An E-4B in flight (USAF photo)
We're looking forward to "On Board Air Force One," the documentary that airs Sunday night at 8 p.m. on the National Geographic Channel. The producers were given unprecedented access to the aircraft, its crew and support personnel during the recent transition period. The film includes George W. Bush's last trip to the Middle East--including a visit to Baghdad--and Barack Obama's first flight as commander-in-chief.
While the documentary promises to be entertaining and informative, a minor correction may be in order. On its web site, National Geographic identifies the VC-25 presidential aircraft (Air Force One is the call sign used when the commander-in-chief is on board) as a "global command center in the sky." While the VC-25 has impressive communications capabilities, the aircraft would not serve as a flying command post in the event of a national contingency.
That role is reserved for another military aircraft, the E-4B. Like the presidential transport, the E-4B is based on the Boeing 747-200 airframe. However, there are key differences between the flying command post and the VC-25. The E-4B, dubbed the National Airborne Operations Center (NOAC), has extensive hardening for electromagnetic pulse and other nuclear effects. It carries a crew of up to 112 people (including the president) slightly larger than the capacity of the VC-25.
At least one E-4B (and crew) are kept on alert at all times. In the event of a national emergency, the aircraft would rendez-vous with Air Force One or Marine One, allowing the president and his senior advisers to manage the crisis from the NOAC.
There are noticeable differences in the appearance of the VC-25 and the E-4B. The NAOC aircraft has more austere paint scheme, and a slight (but noticeable) hump aft of the flight deck. That blister is believed to contain communications gear.
Air Combat Command provides the flight crew for the E-4B, which is assigned to the 55th Wing at Offut AFB, Nebraska. But alert aircraft sometimes deploy to other bases, including Wright-Patterson AFB, Ohio; Andrews AFB, Maryland; Seymour-Johnson AFB, North Carolina and Columbus AFB, Mississippi. NAOC operations are directed by the Joint Chiefs of Staff and executed through U.S. Strategic Command, which also provides many of the airborne battle staff personnel.
It will be interesting to see if National Geographic mentions the role of the E-4B in supporting the commander-in-chief. When the president travels abroad, the NAOC is always in tow, usually operating from a U.S. airfield in the region. Those deployments are never publicized, but they are a key element of any foreign trip by the commander-in-chief. If the event of the unthinkable, the E-4 would become the flying command post, not the VC-25.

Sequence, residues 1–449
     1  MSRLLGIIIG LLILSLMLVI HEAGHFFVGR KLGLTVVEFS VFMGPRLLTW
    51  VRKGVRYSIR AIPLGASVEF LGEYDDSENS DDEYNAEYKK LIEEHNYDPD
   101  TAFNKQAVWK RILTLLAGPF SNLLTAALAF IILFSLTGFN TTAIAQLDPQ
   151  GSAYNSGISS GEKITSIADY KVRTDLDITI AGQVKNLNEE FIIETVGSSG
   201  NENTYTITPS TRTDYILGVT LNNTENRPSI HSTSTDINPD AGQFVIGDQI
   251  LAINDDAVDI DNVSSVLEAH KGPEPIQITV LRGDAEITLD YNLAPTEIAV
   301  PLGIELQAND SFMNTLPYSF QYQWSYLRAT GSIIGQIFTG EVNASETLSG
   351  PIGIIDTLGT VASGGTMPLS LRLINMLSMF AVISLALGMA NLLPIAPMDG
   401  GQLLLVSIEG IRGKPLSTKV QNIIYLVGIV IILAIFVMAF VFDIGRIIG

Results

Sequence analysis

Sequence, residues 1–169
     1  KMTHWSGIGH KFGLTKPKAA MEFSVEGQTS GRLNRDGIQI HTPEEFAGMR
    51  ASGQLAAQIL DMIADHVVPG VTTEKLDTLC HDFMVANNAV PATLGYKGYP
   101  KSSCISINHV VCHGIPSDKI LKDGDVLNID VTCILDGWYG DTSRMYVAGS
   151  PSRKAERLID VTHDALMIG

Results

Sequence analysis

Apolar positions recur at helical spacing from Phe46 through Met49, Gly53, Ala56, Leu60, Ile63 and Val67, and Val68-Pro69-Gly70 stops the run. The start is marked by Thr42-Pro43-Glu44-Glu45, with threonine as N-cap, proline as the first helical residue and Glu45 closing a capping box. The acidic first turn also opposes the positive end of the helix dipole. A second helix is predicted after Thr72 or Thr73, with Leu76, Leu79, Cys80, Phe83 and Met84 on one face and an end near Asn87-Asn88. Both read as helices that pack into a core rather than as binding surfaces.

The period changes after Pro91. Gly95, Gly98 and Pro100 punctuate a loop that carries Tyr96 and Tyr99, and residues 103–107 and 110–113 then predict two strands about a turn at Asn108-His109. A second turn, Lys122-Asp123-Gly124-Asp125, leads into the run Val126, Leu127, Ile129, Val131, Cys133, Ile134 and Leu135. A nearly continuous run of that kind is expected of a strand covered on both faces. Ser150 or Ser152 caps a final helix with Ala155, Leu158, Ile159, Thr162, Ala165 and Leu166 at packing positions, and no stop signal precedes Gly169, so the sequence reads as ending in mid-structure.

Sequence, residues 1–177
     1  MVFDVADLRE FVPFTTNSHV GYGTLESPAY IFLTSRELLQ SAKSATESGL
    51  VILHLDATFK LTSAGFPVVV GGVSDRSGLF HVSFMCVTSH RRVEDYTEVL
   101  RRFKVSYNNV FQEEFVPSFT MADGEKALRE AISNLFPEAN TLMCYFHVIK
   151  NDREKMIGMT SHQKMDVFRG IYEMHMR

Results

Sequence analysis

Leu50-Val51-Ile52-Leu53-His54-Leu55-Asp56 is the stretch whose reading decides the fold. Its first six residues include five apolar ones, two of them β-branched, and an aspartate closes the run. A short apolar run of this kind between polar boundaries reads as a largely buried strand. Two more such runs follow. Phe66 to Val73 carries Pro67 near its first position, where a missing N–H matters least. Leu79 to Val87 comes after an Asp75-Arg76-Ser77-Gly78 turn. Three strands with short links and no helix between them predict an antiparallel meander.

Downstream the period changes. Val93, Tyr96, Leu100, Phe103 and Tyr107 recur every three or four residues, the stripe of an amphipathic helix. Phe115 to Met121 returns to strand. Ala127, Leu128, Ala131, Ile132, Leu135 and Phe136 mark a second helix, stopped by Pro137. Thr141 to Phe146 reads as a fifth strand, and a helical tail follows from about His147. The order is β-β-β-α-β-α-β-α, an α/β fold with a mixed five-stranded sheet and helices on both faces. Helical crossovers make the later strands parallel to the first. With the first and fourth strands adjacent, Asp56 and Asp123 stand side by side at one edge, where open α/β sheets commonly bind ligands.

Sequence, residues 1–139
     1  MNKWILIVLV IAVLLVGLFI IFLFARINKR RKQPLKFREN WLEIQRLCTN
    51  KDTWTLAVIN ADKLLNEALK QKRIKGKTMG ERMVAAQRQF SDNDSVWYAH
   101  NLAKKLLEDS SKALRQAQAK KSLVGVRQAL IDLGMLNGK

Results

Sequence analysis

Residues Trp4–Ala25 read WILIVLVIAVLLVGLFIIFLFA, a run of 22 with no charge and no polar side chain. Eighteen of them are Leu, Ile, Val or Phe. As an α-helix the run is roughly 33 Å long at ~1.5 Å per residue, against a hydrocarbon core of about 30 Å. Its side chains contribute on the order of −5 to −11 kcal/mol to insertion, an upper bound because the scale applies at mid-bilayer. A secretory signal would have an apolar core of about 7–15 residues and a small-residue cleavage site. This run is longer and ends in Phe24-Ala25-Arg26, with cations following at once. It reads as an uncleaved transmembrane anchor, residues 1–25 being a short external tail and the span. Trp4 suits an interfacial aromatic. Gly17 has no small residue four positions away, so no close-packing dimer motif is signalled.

No wonder it's sometimes referred to as the "Doomsday Plane."
ADDENDUM: Viewing the program, our suspicions were confirmed; there was no discussion of the E-4B in the documentary about Air Force One. But the mission of the NAOC remains unchanged and it remains our dedicated "command post in the sky," in the event of a national contingency.
However, last night's documentary did offer a unique perspective regarding Air Force One's activities on 9-11. As the terrorist attacks unfolded in New York, Washington, D.C., and Pennsylvania, the presidential jet quickly scrambled from Sarasota, Florida (where Mr. Bush was participating in an education event) and headed over the Gulf of Mexico, which had been cleared of other air traffic.
With fighter escort, the VC-25 eventually headed to Barksdale AFB, Louisiana, where President Bush made a brief public statement. In his comments to the film makers, Mr. Bush indicated that the Barksdale stop was necessary because (in those days), Air Force One lacked an onboard video downlink capability--a deficiency that has since been corrected.
After leaving Barksdale, the presidential aircraft flew on to Offut AFB, Nebraska. Offut is home to U.S. Strategic Command, which still utilizes the famous "SAC Underground," the hardened, subterranean command center that is buried 60 feet below the surface. While at the Nebraska installation, Mr. Bush participated in a secure video teleconference with his advisors, then gave the order for Air Force One to return to Washington.
Of course, Offut is also home to the E-4B fleet. One of the unanswered questions about 9-11 is why the president elected to stay on Air Force One, despite the availability of a better crisis management platform at Offut.